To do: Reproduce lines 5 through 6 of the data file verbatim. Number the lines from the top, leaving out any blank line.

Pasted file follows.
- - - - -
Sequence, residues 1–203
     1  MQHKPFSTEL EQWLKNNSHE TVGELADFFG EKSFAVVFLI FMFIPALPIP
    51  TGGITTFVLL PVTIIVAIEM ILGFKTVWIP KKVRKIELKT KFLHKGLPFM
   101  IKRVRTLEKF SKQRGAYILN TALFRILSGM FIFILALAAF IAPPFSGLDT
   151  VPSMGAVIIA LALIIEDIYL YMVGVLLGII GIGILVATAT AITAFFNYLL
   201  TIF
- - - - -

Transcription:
   151  VPSMGAVIIA LALIIEDIYL YMVGVLLGII GIGILVATAT AITAFFNYLL
   201  TIF